10. keiths,

When you randomly choose 150,000 genomes, the probability of getting at least one genome that is better than 99.999% of the others is equal to one minus the probability of not getting a single genome that is better than 99.999% of the others.

The latter probability is equal to .99999^150,000, or 0.223.

1 – 0.223 = 0.777, or a 77.7% probability of getting a genotype better than 99.999% of the others.

Thanks. I’m not sure where my head was after reading Ewert’s post. I’ll try it again tomorrow.

11. Oh she is the Click Whore of Babylon is she then? Well, why didn’t you say so earlier!

Now I really am going to deeply regret your technical response. Whoa! Are you go to employ elements of Richards “Butthurt” strategy?

12. Patrick,

Thanks. I’m not sure where my head was after reading Ewert’s post. I’ll try it again tomorrow.

Yeah, the problem isn’t that Ewert’s calculation is wrong — just that it’s irrelevant. He’s comparing apples to oranges.

In the GUC model, the current genotype is effectively thrown into a pot with its 3,000 immediate neighbors in the fitness landscape. Selection’s role is to pick the fittest genotype out of the 3,001 candidates. That genotype then replaces the current genotype. If the current genotype is fitter than all of its 3,000 neighbors, then it “replaces” itself.

To do an apples-to-apples comparison between the GUC model and a random search, Ewert should have compared the above scheme to one in which the current genotype is replaced by one chosen randomly from the 3,001 candidates.

Such a scheme would do far worse than the GUC model, of course.

Ewert didn’t do the apples-to-apples comparison. Instead, his method effectively works like this: at each iteration, choose 3,000 genotypes at random from the entire genotype space. Throw them into a pot with the current genotype, then use selection to pick the best one, replacing the current genotype with it.

Ewert employed selection without even realizing it — or without acknowledging it, if he did realize it. He wasn’t comparing selection to random search, he was comparing selection with a constrained search space (neighbors only) to selection with the same number of candidates taken from an unlimited search space. Of course the latter performs better on average with a random fitness landscape, but that’s just one form of selection performing better than another. It says nothing about the merits of selection vs. random search.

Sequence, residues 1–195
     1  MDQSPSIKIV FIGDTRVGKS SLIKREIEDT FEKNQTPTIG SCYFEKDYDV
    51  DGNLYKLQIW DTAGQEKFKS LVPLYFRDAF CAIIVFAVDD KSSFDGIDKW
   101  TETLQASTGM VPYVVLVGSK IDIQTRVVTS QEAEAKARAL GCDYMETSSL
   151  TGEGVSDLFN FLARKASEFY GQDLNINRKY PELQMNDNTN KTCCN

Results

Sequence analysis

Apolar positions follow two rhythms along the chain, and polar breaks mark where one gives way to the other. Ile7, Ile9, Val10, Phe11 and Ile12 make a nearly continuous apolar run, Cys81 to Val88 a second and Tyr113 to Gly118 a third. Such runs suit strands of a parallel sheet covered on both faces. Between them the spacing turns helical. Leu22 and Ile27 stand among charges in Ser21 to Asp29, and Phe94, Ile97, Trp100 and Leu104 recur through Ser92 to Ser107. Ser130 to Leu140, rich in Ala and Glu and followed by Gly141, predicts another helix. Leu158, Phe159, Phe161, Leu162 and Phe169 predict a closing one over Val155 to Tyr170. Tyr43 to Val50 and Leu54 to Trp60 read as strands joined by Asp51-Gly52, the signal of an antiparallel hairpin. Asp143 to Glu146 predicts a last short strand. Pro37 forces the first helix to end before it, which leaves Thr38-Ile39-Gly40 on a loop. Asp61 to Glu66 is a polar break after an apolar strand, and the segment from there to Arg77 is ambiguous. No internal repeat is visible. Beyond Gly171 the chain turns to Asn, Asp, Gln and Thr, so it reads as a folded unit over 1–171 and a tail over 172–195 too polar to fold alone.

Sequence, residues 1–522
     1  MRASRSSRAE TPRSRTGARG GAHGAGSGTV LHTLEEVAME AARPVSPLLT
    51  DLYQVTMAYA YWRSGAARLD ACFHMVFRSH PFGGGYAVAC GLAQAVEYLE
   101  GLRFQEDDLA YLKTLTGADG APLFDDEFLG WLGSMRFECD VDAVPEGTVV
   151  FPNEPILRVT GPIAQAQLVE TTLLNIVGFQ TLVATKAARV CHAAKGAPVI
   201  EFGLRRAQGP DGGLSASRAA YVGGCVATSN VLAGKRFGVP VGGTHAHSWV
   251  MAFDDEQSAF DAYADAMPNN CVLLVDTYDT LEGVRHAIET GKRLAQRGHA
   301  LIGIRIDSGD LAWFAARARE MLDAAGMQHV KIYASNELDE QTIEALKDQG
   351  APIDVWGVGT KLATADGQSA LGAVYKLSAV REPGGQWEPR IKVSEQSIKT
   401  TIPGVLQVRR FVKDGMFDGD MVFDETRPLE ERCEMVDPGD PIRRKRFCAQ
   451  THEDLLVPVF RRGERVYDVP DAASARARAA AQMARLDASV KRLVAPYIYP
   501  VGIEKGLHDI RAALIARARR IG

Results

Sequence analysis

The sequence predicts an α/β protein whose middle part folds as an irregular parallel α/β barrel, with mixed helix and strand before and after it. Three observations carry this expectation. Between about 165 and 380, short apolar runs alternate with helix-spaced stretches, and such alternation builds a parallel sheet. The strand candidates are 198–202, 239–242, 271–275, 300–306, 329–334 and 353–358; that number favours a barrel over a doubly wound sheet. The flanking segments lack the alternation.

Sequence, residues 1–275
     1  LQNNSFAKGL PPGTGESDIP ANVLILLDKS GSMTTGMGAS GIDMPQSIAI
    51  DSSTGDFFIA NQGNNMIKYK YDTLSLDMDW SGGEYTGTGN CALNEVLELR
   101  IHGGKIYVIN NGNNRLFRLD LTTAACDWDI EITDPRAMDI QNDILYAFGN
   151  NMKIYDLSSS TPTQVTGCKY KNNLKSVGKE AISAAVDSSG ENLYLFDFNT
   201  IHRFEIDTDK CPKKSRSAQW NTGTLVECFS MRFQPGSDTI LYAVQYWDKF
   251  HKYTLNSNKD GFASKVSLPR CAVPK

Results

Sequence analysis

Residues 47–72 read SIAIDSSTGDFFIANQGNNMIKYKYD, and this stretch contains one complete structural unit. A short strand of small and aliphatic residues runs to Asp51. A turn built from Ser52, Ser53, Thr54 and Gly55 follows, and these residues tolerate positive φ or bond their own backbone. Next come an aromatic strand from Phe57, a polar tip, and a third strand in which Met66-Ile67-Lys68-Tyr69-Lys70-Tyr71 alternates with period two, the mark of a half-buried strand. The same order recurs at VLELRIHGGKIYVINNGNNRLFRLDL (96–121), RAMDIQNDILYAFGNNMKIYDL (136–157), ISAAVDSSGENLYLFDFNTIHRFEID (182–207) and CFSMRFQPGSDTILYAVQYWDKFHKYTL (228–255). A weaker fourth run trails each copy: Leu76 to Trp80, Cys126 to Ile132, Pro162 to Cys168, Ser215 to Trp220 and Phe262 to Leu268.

Ewert also could have made an oranges-to-oranges comparison, but didn’t. The oranges-to-oranges comparison would have looked like this:

In the GUC bug case, choose 3,000 genotypes at random from the entire genotype space, not just the immediate neighbors. Throw them into a pot with the current genotype and pick the one with the highest fitness. Use it to replace the current genotype.

In the random search case, choose 3,000 genotypes at random from the entire genotype space. Throw them into a pot with the current genotype, then pick one at random and use it to replace the current genotype.

Again, it’s obvious that the second scheme will do much worse than the first.

It was a silly mistake, but Ewert makes a lot of those.

13. phoodoo:
keiths, What’s the definition of fitter?

Fitter is always comparative and depends on the niche that is being tested or considered. You can only sensibly talk about relative fitness with regard to individuals or populations in a niche. Sharks are not good at survival in deserts, for example.

14. Then how do you have an algorithm that selects fitter?

Furthermore, I disagree with your premise. In evolution, the thing that survived is fitter. There is no definition for fitter other than this, because there is no definition for any environment-environments are fluid and random.